For those of you who don't know how to pronounce it here as a copy from their site FAQ [hauppauge.com].

      "How do you pronounce Hauppauge?
      Hauppauge is pronounced HOP-HOG."

      Also why use USB, as from my experience IEEE 1394 is better for transfering data of this size or using the PCI push technology (IIRC that is what they called it back then) that my ancient TV Tuner
  • by digitaldc ( 879047 ) * on Tuesday February 07, 2006 @04:45PM (#14663036)
    Despite all the DRM technology being built into our TVs, PCs, and DVRs, copying and fair use will still be allowed so long as the content providers do not flag their material with the most draconian copy-control settings.
    Welcome to the future of digital television--it has never looked so good, and never looked more locked down.

    If this is the future of television, it looks pretty bleak.
    I guess we MIGHT be able to use our DVRs, but not if the content providers say no.

    • the future of television, it looks pretty bleak
      'nuff said.

      Or was this the time for a "you must be new here" comment?

    • Everyone is so wrong it's not funny.

      The "future of television" is not cable tv or sattelite tv. it's ala-carte tv shows from a provider like itunes.

      Imagine subscribing to the shows you want to watch. then your set-box get's them off your broadband connection and you watch when you like.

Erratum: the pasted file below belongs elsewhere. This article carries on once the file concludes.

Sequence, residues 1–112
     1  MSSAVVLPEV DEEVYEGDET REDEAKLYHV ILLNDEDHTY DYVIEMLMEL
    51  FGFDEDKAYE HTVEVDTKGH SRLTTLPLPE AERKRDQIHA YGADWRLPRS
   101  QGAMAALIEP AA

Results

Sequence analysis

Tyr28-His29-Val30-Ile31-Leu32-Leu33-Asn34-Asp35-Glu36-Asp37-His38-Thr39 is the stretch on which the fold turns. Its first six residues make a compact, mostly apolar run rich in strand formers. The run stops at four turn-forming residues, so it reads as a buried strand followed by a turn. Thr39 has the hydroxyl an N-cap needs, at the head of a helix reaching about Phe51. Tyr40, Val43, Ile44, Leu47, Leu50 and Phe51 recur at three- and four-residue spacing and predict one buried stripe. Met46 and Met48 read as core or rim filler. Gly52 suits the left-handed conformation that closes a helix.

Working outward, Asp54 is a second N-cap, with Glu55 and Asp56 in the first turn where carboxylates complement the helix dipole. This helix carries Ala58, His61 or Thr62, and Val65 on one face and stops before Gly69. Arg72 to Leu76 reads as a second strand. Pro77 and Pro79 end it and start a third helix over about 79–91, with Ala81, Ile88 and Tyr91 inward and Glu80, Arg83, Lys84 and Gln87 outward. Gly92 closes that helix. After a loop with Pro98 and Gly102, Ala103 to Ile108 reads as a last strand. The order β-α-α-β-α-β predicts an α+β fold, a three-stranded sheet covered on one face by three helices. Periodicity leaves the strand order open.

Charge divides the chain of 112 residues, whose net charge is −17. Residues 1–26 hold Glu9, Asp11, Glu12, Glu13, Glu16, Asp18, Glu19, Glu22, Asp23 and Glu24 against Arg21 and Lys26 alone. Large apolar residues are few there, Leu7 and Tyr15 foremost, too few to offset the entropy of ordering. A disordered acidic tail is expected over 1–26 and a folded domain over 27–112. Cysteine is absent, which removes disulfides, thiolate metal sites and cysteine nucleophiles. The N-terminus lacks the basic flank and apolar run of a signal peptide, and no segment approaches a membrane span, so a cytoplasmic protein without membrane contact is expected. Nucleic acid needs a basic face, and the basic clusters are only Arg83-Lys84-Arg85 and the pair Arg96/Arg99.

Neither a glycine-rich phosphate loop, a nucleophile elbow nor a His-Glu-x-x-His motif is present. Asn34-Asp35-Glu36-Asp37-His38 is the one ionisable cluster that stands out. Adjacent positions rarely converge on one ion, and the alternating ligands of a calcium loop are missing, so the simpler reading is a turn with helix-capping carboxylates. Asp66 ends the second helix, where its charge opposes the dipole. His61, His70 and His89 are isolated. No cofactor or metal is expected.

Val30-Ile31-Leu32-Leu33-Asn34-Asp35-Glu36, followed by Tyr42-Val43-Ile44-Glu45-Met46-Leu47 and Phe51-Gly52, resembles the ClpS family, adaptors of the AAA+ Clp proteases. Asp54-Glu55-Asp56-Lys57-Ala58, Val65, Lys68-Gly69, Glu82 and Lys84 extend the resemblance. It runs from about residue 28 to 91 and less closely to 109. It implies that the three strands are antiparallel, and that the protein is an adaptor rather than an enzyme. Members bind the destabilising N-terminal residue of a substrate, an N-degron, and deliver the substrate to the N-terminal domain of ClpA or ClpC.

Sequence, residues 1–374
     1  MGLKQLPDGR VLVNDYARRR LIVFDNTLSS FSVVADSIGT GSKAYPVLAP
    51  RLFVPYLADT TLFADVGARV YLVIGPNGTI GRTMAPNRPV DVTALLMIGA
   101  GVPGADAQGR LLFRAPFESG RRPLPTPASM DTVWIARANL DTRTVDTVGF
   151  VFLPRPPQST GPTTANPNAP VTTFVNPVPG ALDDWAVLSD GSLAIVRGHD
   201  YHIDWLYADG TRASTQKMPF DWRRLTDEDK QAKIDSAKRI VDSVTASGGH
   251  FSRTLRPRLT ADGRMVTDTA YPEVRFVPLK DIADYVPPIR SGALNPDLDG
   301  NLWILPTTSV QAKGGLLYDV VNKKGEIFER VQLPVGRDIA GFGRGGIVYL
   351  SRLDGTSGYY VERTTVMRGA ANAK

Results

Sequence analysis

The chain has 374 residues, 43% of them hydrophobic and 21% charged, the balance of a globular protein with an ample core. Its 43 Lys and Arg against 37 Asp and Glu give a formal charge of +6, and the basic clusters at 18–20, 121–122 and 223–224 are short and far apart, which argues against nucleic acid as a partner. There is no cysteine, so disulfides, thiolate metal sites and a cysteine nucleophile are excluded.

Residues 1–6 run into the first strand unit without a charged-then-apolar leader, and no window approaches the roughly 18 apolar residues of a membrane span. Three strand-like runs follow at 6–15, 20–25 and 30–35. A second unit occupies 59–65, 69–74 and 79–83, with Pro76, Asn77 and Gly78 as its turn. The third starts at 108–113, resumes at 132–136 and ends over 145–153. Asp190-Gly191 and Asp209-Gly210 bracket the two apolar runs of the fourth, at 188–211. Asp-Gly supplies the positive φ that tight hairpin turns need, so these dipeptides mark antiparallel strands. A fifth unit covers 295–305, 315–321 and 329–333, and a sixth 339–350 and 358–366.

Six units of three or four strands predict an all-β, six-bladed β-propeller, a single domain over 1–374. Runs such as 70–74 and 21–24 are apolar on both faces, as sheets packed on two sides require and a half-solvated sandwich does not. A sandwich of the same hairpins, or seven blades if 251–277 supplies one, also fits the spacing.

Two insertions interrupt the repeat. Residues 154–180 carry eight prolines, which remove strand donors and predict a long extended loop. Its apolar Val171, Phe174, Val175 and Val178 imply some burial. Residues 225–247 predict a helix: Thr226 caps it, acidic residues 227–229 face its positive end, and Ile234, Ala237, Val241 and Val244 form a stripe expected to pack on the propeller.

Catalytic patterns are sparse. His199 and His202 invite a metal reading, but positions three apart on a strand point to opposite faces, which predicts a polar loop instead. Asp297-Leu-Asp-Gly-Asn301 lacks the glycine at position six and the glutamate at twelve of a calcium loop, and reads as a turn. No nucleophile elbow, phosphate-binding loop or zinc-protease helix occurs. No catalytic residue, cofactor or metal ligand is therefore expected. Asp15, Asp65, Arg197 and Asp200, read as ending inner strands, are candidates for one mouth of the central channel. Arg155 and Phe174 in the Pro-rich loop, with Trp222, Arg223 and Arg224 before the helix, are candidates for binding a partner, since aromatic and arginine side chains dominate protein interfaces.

Every person I have talked to dreams of this instead of the crap that is current television model. they would even tolerate AD's if they could get shows this way.

      the only use for cabletv and sattelite would be for news and
  • by CyberLord Seven ( 525173 ) on Tuesday February 07, 2006 @04:46PM (#14663044)
    ...like the uneducated people on the encryption newsgroups who don't understand that you cannot secure something by piling weak encryption upon other weak encryption until you've built a MOUNTAIN no one can climb.
    Computers are getting faster -- I have a ...to hell with what I have...MY WIFE has a 1.4GHz box I built for her two years ago. I can now build her a 64 bit box with dual cores today.
    This will not remain safe for one very good reason: It is more fun to show these people how STOOPID they are by breaking their multi-level encryption than it is to sit and watch the latest crap spewing out of televisions.
    Entertainment, though not the kind the cable and satellite companies envisioned, has taken a GREAT step forward. :)
    • Umm, it's not layer upon layer. It's the same encryption with different keys at different times. One set of keys for the cable transmission. One set of keys from the cable-card to the host decoder. One set of keys from the decoder to the display device (if the decoder is not in the display device). None of them are weak encryption. The HDCP system used from the decoder to the display device has been in use for about 3 years, no one has cracked it yet.

      Having said all that, I'm not really looking forward to our digital future. :(
      • It's been cracked, by someone in the Netherlands I think, but they refuse to release their findings due to the DCMA. I'd link it, but I don't know the link offhand, and I believe a comment earlier on had a link to the same page.